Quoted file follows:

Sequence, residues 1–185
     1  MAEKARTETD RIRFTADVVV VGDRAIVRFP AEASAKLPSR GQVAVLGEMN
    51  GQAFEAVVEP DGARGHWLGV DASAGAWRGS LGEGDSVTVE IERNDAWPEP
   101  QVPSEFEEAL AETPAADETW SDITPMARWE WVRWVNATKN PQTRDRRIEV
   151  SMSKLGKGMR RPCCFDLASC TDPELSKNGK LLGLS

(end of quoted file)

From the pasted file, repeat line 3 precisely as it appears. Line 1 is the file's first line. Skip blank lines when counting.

    51  GQAFEAVVEP DGARGHWLGV DASAGAWRGS LGEGDSVTVE IERNDAWPEP